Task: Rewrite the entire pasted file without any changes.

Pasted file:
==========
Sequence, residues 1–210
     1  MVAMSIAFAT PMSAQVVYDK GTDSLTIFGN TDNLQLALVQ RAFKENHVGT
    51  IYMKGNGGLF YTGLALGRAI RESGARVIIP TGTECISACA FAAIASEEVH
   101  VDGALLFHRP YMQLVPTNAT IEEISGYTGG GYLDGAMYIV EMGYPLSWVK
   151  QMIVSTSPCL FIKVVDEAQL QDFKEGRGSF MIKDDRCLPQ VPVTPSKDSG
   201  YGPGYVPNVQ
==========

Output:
Sequence, residues 1–210
     1  MVAMSIAFAT PMSAQVVYDK GTDSLTIFGN TDNLQLALVQ RAFKENHVGT
    51  IYMKGNGGLF YTGLALGRAI RESGARVIIP TGTECISACA FAAIASEEVH
   101  VDGALLFHRP YMQLVPTNAT IEEISGYTGG GYLDGAMYIV EMGYPLSWVK
   151  QMIVSTSPCL FIKVVDEAQL QDFKEGRGSF MIKDDRCLPQ VPVTPSKDSG
   201  YGPGYVPNVQ